Using data’s ‘invisible’ influence to build smart wastewater networks

Feb 09, 2022

Isle Utilities’ Chris Thomas outlines the roles of technology and data in building successful wastewater asset management strategies and the creation of ‘smart’ networks.

Discussing the digitalisation of networks to achieve pre-emptive asset maintenance and preventing the need for major intervention at the Utility Week Innovate WWT Wastewater 2022 Conference, Isle Utilities’ head of enterprise and innovation, Chris Thomas, highlighted that wastewater lagged behind other sectors – such as gas and networks – in implementing new digital systems. He caveated, however, that this afforded the industry unique insight into the dos and don’ts from the digitalisation process, with one of his main observations being that, far from a technical challenge, the smooth creation of “smart” networks revolves around organisational improvements.

Smart network building blocks

Breaking down the creation of a smart wastewater network into five simplified components – applications, communications, sensors, data and the business process – Thomas said that the latter two were the most significant hurdles in his view. He explained that, from a technical standpoint, a wealth of application and sensor software and technology was readily available to tee up smart networks, while options such as 5G networks and radio spectrum to communicate are already widespread.

Harnessing data’s invisible influence

Yet in terms of the business process behind creating smart networks, he outlined four-phases of analytical maturity – describe, diagnose, predict and prescribe – and emphasised the importance of spending more time focusing on the often neglected early phases. Thomas explained that when deploying solutions at scale “being dependable is more important than being clever” – meaning that rather than kickstarting a project based on prediction, spending time to describe and diagnose challenges as a foundation for project work was paramount.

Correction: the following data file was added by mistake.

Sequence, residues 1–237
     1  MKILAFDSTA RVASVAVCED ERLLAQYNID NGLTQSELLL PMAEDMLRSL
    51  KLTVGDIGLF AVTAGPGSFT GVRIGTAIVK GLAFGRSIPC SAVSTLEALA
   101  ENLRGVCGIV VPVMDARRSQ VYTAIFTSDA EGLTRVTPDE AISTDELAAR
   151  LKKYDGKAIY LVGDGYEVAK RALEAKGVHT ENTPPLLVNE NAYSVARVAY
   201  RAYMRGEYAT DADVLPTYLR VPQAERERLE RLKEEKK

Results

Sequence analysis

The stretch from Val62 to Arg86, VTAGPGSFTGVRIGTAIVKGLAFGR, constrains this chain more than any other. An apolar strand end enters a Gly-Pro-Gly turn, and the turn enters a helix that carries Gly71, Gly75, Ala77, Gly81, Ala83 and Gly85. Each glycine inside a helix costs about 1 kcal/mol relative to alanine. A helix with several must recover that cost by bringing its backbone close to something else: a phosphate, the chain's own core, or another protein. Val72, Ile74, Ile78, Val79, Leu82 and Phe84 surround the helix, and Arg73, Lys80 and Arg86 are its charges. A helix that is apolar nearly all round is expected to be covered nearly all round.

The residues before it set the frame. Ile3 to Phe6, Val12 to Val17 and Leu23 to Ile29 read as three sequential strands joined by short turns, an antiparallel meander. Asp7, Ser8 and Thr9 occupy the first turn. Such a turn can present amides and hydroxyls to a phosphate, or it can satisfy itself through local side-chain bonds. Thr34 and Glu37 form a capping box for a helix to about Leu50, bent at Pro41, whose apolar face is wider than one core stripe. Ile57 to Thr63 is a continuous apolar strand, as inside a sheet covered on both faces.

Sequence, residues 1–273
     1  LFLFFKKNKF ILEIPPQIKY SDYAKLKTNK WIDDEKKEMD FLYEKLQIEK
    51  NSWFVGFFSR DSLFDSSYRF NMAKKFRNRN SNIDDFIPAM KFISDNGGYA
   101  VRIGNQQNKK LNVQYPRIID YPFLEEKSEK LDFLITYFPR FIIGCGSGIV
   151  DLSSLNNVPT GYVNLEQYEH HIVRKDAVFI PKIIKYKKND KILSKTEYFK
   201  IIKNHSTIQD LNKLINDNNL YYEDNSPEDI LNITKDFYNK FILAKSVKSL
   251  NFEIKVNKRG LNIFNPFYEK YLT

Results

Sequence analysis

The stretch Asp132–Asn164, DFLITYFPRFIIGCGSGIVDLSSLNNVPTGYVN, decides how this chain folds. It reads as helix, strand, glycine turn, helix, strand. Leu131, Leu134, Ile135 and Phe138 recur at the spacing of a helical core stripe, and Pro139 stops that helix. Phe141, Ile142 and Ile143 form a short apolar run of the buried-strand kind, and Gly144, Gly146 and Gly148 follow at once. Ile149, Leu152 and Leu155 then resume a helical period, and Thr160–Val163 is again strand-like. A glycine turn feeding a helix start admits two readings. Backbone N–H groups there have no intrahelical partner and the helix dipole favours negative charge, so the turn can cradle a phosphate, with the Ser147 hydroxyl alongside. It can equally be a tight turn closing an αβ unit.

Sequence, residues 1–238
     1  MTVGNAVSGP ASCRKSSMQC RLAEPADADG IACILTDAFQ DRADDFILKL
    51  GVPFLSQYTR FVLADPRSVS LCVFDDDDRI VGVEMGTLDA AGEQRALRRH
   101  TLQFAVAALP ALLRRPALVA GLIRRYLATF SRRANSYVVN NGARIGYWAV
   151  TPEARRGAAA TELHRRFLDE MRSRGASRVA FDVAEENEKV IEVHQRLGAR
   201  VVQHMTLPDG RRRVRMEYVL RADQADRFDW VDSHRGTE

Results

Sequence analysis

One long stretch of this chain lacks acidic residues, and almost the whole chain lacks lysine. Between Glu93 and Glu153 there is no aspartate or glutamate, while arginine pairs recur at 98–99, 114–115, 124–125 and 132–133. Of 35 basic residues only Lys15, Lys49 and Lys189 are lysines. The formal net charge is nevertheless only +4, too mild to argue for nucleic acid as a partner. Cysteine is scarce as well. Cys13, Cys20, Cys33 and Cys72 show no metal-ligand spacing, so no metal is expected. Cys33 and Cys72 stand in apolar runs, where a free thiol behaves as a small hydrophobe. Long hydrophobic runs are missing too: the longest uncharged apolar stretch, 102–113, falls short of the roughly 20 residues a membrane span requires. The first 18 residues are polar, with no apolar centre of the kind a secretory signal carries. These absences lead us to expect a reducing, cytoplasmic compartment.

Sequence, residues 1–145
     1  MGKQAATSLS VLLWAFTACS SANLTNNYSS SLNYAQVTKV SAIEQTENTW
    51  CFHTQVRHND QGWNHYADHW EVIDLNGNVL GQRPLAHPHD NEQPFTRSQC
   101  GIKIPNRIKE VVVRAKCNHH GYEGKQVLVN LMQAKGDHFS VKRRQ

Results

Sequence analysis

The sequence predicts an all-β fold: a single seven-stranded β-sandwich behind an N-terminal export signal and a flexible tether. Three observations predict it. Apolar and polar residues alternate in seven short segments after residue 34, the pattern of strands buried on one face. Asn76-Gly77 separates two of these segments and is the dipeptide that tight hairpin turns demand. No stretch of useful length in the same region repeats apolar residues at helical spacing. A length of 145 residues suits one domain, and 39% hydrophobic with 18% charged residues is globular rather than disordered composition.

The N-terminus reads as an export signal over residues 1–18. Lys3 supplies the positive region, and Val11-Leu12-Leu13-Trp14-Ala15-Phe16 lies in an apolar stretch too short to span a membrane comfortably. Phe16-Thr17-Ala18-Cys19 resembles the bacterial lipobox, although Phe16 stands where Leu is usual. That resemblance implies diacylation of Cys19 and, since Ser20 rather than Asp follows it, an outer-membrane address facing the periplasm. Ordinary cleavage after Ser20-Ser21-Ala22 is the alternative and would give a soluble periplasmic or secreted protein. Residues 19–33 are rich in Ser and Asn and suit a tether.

He summarised that at the heart of effective digitalisation was “good operational reporting and integration with business processes before clever predictive activity” – or doing “the boring stuff” at scale bolstered by robust data architecture. This spans reliable KPI reporting, automated checks, balances and processes across a business and detailed performance management of data and people.

Thomas also outlined the need for investment in management practice in order to experience the benefits of data’s “powerful, invisible, influence” – and that more needed to be done to value data as an asset. He explained that poor data architecture, while often unseen, ultimately leads to poor business efficiency and lack of adoption of insights. “If we put rubbish in, we get rubbish out,” Thomas said. Therefore, designing smart wastewater network systems where the impact of data is felt both positively and negatively is a crucial step. “We need to get the benefit of that if they’re successful, but also need to feel the pain if they’re not working so change and innovation can happen,” he said.


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Stuart Stone

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